Luis Gonzales, screen consort of movie queens
LUIS Gonzales was a big star of Sampaguita Pictures in the 1950s and 1960s, when he was the screen consort of the beauteous Gloria Romero, the reigning Queen of Philippine Movies in the post-World War II era.
Together, they replicated the pre-war love team of Carmen Rosales and Rogelio dela Rosa in such post-war remakes as “Ang Tangi Kong Pag-ibig,” “Colegiala,” and “Pagdating ng Takip-Silim.”
Gonzales was also a leading man to all the Sampaguita female stars who later became Famas Best Actress awardees, like Paraluman, Lolita Rodriguez, Rita Gomez, Marlene Dauden, Barbara Perez, Amalia Fuentes, Susan Roces, Nora Aunor and Vilma Santos. He himself was nominated by the Famas for Best Actor, but not once did he win the coveted trophy.
“One of the films I was nominated for was ‘Taga Sa Bato,’ in 1957,” Luis said, “but the trophy went to my co-star, Van de Leon.”
The actor was also nominated by the Famas for his portrayal of the late president, Ferdinand Marcos, in 1965’s “Iginuhit ng Tadhana.” But, the award was won instead by Robert Arevalo, for “Daigdig Ng Mga Api.” Both films figured prominently in the presidential election campaign that year.
A very prolific actor, at Sampaguita Pictures studio alone, he made over 100 films.
“I trusted Doctor Perez so much that I never refused any role that he asked me to do,” he told me once.
“Pancho Magalona liked my style of dancing, and he introduced me to Doc Perez. We shook hands, and Doc told me to go to Sampaguita to have a screen test. I wasn’t keen on it, because I was busy with school and my job as a working student. It took me two weeks to make up my mind.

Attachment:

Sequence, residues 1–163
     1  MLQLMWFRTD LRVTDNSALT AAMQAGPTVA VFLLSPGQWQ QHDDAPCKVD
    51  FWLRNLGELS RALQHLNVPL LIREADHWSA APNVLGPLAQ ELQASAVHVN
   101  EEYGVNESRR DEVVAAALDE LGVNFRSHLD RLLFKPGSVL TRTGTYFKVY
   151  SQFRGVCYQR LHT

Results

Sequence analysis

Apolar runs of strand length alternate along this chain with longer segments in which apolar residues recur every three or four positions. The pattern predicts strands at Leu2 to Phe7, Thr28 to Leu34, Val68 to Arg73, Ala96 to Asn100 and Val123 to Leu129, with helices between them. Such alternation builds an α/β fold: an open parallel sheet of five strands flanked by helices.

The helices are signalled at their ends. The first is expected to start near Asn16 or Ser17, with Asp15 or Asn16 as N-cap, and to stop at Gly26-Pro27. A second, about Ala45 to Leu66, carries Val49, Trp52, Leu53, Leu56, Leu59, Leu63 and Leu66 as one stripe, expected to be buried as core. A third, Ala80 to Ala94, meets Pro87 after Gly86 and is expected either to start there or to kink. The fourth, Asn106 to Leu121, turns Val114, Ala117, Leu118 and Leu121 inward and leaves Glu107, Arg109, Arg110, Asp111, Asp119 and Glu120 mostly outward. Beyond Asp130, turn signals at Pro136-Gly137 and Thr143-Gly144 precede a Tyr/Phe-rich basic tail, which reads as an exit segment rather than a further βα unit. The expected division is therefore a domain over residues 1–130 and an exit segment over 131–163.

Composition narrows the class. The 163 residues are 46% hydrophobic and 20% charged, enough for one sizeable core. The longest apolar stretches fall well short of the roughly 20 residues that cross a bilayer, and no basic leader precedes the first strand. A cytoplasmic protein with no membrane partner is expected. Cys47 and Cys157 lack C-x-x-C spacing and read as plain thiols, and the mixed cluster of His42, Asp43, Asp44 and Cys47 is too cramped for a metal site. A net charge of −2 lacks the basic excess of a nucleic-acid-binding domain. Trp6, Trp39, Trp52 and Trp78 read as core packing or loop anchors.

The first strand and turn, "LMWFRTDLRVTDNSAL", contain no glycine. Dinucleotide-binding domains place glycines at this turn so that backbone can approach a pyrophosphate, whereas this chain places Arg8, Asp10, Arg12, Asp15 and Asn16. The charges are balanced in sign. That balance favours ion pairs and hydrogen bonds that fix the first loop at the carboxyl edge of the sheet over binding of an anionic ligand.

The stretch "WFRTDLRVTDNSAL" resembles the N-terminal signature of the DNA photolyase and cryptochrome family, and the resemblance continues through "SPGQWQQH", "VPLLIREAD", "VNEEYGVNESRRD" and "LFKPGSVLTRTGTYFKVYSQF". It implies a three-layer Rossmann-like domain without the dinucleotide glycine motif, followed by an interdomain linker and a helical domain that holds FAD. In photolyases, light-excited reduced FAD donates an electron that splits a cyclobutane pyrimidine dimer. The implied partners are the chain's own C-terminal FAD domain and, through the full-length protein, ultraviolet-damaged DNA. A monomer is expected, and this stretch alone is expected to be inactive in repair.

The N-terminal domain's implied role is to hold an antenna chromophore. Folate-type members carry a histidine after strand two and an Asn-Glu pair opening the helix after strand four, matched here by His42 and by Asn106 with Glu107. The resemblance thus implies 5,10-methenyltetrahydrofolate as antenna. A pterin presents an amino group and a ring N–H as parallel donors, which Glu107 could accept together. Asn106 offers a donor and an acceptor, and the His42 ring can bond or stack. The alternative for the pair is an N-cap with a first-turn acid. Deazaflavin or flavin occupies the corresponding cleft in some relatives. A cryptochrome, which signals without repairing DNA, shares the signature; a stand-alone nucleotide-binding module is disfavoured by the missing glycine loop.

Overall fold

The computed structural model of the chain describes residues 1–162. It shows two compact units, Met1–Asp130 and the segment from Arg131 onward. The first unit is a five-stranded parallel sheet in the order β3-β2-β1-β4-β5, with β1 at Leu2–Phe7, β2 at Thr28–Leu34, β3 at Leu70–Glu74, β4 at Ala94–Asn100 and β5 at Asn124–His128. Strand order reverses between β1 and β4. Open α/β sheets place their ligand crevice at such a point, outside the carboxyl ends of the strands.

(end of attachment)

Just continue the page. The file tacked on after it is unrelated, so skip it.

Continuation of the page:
“Director Armando Garces supervised my screen test. He made me do some acting, first as a ‘bida’ or hero, then as a ‘kontrabida’ or villain.”
After passing the test, he had to sign a “build-up” contract and was given a weekly allowance for him to spend for transportation and gym training. He was also advised to take up speech lessons.
When he reported for work after three months, he was introduced to Lolita Rodriguez, who was going to be his partner, playing second lead in “Pilya.” The major players in the film were Gloria Romero and Ric Rodrigo.
It took some time before he was finally paired with his dream girl, Gloria Romero, in “Despatsadora.”
One day, he found himself on the set of a dramatic scene between Carmen Rosales and Van de Leon, where he had to emote for “Luha ng Birhen.” He must have created a good impression, because his next assignment was as Norma Vales’ partner in 1955’s “Ang Tangi Kong Pagibig.”
When Romero became the leading lady of Dela Rosa in “Artista,” Gonzales began to feel that he would never graduate from second-lead roles. Then came “Bulaklak sa Parang,” where Luis, Lolita Rodriguez and Pancho Magalona figured in a love triangle. Challenged by two of the studio’s best dramatic thespians, in a story directed by the Dean of Sampaguita directors, Octavio Silos, Luis won the right to star opposite his idol, Gloria Romero, in “Despatsadora.”
It was the first of 43 Sampaguita films that this remarkable duo made from 1955 to 1973.
Luis left Sampaguita Pictures in 1969, when Doc Perez gave him permission to freelance after the expiration of his third contract. Though no longer under contract, he still made movies for Sampaguita from time to time, until the movie studio made its last film, “Goriong Butete,” in 1981.
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